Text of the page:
Attorney Cliff Rieders

Attorney Cliff RiedersCliff Rieders is a Nationally Board Certified Trial Lawyer practicing personal injury law. A large part of his practice involves multi-district litigation, including cases related to pharmaceuticals, vitamin supplements and medical devices. He is admitted in several state and federal courts, as well as the Supreme Court of the United States. Rieders is the past regional president of the Federal Bar Association and is a life member of the distinguished American Law Institute, which promulgates proposed rules adopted by many state courts. He is a past president of the Pennsylvania Association for Justice, formerly Pennsylvania Trial Lawyers Association. As a founder of the Pennsylvania Patient Safety Authority, he served on the Board for 15 years.

Not only has Rieders held many highly esteemed, leadership positions, he authored legislation related to the Patient Safety Authority and the Mcare Act, which governs medical and hospital liability actions in Pennsylvania. He authored texts upon which both practitioners and judges rely, including Pennsylvania Malpractice Laws and Forms, and Financial Responsibility Law Issues in Pennsylvania, the latter governing auto and truck collisions in Pennsylvania. In addition, he wrote several books on the practice of law in Pennsylvania regarding wrongful death and survivor actions, insurance bad faith, legal malpractice claims and worker rights, among others. Rieders also serves as a resource to practitioners as a regular speaker for Celesq, an arm of the world’s largest legal publisher, Thomson Reuters West Publishing.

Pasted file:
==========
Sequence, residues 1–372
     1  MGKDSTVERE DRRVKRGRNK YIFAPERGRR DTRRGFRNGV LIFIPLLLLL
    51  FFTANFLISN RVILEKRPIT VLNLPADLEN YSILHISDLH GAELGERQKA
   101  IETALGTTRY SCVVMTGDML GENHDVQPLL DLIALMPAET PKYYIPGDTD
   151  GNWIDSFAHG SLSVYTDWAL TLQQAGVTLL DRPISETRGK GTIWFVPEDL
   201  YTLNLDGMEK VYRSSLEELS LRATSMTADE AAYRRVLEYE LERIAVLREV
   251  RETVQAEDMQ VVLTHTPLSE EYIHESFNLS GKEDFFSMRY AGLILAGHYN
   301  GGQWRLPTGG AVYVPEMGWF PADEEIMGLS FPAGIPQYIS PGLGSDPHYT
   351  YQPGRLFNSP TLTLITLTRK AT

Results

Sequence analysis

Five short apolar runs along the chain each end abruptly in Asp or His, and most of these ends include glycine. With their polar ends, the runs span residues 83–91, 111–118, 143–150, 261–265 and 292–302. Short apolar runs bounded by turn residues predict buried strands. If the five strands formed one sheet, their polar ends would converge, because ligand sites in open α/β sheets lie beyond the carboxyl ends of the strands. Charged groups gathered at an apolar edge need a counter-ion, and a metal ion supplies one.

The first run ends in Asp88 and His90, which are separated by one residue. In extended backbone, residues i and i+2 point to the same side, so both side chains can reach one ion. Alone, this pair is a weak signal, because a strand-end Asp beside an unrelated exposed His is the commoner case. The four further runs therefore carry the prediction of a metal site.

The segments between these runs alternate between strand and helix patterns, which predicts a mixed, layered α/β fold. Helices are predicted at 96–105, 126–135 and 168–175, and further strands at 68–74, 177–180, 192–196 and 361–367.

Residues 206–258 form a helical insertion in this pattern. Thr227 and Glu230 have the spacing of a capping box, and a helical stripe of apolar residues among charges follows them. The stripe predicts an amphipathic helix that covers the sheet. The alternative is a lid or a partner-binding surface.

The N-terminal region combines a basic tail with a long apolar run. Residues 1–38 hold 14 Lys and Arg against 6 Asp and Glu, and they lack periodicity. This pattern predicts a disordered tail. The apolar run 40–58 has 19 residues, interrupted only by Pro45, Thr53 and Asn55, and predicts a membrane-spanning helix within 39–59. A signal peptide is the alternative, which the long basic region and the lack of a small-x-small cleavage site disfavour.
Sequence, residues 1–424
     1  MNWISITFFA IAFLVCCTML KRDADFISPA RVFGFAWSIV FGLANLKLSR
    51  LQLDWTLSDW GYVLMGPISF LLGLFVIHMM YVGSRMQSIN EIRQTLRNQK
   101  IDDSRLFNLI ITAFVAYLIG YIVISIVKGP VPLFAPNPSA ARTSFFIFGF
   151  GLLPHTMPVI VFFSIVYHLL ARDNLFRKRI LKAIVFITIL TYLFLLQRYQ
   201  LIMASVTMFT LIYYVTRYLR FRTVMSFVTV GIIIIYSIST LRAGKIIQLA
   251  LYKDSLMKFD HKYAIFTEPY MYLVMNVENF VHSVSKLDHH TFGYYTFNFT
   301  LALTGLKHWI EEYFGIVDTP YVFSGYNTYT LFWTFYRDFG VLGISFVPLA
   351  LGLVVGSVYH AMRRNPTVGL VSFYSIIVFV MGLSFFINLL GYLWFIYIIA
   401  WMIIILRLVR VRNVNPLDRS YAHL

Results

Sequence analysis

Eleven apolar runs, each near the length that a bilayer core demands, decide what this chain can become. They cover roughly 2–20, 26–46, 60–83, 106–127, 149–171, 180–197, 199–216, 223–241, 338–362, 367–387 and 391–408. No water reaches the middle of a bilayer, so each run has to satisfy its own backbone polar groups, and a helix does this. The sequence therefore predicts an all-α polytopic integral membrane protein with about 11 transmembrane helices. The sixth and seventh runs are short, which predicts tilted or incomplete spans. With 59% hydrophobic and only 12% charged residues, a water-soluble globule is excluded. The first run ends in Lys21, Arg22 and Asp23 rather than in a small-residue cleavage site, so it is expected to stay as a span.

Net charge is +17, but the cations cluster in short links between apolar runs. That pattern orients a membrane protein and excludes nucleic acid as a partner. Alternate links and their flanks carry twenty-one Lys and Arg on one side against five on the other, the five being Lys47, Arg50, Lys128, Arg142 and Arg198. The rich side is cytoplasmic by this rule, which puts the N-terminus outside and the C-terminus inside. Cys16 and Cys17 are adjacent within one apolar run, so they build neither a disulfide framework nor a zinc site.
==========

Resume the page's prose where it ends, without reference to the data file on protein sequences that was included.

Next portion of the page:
As recognition of his wide range of contribution to his profession and of his dedication to protecting the rights of his clients, he received numerous awards, among them the George F. Douglas Amicus Curiae Award, the Milton D. Rosenberg Award, the B’nai B’rith Justice Award, and awards of recognition from the Pennsylvania Trial Lawyers. [ Attorney Bio ]